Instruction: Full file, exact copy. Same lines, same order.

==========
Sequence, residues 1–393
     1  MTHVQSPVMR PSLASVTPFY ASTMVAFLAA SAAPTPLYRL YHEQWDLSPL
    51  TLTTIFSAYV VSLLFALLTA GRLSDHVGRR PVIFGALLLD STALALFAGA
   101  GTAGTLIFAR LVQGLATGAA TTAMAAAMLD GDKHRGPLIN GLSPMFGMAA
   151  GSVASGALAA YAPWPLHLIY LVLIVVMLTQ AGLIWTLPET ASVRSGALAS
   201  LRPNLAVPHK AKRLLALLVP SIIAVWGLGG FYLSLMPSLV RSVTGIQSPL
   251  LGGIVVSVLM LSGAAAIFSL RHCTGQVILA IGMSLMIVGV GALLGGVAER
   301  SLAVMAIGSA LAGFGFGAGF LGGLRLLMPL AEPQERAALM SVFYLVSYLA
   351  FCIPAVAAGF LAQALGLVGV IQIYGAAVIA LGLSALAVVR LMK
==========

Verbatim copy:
Sequence, residues 1–393
     1  MTHVQSPVMR PSLASVTPFY ASTMVAFLAA SAAPTPLYRL YHEQWDLSPL
    51  TLTTIFSAYV VSLLFALLTA GRLSDHVGRR PVIFGALLLD STALALFAGA
   101  GTAGTLIFAR LVQGLATGAA TTAMAAAMLD GDKHRGPLIN GLSPMFGMAA
   151  GSVASGALAA YAPWPLHLIY LVLIVVMLTQ AGLIWTLPET ASVRSGALAS
   201  LRPNLAVPHK AKRLLALLVP SIIAVWGLGG FYLSLMPSLV RSVTGIQSPL
   251  LGGIVVSVLM LSGAAAIFSL RHCTGQVILA IGMSLMIVGV GALLGGVAER
   301  SLAVMAIGSA LAGFGFGAGF LGGLRLLMPL AEPQERAALM SVFYLVSYLA
   351  FCIPAVAAGF LAQALGLVGV IQIYGAAVIA LGLSALAVVR LMK